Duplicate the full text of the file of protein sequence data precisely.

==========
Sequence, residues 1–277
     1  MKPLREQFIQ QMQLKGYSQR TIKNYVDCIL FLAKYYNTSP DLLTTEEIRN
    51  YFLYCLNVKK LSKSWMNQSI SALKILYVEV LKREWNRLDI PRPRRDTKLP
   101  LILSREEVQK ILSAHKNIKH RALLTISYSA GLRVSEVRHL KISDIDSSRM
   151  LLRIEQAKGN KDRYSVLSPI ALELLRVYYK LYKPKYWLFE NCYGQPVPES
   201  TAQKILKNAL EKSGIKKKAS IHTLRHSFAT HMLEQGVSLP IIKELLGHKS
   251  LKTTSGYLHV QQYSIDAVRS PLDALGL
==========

Sequence, residues 1–277
     1  MKPLREQFIQ QMQLKGYSQR TIKNYVDCIL FLAKYYNTSP DLLTTEEIRN
    51  YFLYCLNVKK LSKSWMNQSI SALKILYVEV LKREWNRLDI PRPRRDTKLP
   101  LILSREEVQK ILSAHKNIKH RALLTISYSA GLRVSEVRHL KISDIDSSRM
   151  LLRIEQAKGN KDRYSVLSPI ALELLRVYYK LYKPKYWLFE NCYGQPVPES
   201  TAQKILKNAL EKSGIKKKAS IHTLRHSFAT HMLEQGVSLP IIKELLGHKS
   251  LKTTSGYLHV QQYSIDAVRS PLDALGL